The US August trade figures show that while exports are growing modestly, imports are leapfrogging forward, widening the gap between the two.
Oil is a big component of American imports: in 2009, five times more oil was imported than exported. Consumer products and cars are also significant contributors to the import conundrum.
But ignoring the fact that general consumption of goods and services is rising, the widening trade deficit really means that America is choosing to buy foreign goods over its own. This phenomenon, in the long run, is damaging to the economy and frustrates domestic growth and, by dint, the creation of local jobs which America desperately needs.
In essence, America is making less stuff than it used to and, by importing from foreigners, it is sending jobs into countries like China, Mexico and Japan. It is not unreasonable therefore to suggest that unemployment will remain high in the US so long as imports continue to race ahead.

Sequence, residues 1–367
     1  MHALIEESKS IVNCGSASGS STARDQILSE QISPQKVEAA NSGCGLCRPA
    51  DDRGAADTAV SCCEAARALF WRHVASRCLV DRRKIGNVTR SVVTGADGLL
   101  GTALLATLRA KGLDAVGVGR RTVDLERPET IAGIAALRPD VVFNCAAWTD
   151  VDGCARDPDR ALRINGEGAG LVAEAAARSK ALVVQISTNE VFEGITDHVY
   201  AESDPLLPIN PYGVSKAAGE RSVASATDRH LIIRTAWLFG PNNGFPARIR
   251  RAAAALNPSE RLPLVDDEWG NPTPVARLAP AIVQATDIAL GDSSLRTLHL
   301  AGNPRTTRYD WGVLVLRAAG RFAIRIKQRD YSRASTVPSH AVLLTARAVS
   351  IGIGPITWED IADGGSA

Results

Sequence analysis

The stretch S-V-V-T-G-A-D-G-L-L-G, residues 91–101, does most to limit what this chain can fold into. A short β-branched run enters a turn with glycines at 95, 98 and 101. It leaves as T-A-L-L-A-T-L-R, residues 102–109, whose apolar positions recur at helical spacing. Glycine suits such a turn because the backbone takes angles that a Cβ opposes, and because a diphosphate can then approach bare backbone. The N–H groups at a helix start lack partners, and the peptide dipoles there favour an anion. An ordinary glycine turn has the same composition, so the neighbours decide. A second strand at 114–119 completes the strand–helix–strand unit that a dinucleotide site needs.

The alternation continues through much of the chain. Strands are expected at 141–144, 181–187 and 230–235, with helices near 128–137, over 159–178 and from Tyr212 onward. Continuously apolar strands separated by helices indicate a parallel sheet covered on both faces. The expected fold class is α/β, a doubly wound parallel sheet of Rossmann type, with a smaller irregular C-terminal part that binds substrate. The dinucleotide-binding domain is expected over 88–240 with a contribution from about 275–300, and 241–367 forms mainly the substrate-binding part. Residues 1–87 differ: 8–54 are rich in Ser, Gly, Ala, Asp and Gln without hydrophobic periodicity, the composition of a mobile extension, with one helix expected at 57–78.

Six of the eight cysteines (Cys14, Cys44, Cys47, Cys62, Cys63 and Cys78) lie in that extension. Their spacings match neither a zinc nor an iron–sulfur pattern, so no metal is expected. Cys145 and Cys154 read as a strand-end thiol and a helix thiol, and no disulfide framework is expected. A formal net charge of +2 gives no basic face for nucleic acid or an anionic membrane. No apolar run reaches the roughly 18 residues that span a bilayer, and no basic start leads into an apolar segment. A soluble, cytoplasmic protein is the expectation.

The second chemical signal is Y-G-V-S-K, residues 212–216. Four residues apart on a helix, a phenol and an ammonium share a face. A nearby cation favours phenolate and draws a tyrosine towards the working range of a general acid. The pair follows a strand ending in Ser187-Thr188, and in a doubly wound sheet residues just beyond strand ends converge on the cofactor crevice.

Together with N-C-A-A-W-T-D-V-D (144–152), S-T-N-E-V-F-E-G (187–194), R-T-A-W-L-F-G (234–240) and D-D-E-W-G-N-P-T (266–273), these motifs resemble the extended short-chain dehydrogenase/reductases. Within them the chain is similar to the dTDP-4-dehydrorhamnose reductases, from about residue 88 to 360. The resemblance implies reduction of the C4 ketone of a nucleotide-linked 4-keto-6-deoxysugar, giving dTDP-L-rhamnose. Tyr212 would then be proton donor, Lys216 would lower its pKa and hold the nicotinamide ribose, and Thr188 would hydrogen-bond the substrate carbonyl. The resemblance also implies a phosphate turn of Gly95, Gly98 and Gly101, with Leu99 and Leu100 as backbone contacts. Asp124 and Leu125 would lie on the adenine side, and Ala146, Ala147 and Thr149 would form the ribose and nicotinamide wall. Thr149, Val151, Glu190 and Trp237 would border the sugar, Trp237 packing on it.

But perhaps the biggest issue these days is the foreign exchange rate between the US and the Chinese Yuan. Under a normal trading scenario, the Yuan would have appreciated in value by now given the abnormal levels of growth China has enjoyed over the past 10 years. This would have made goods imported from China more expensive and perhaps would have given American produced goods a chance. This has not happened and the Chinese are blatantly suppressing the value of their currency for their own gain.
The trend of the trade deficit is already leading many to pull back their estimates for growth next year. This will not suit the Obama Administration whose run for a second term will come down to the issue of jobs. Sooner or later the US is going to have to take a stand against China.
Max Doyle is a principal of Prime Focus Management Ltd specialising in investment and turnaround of Irish companies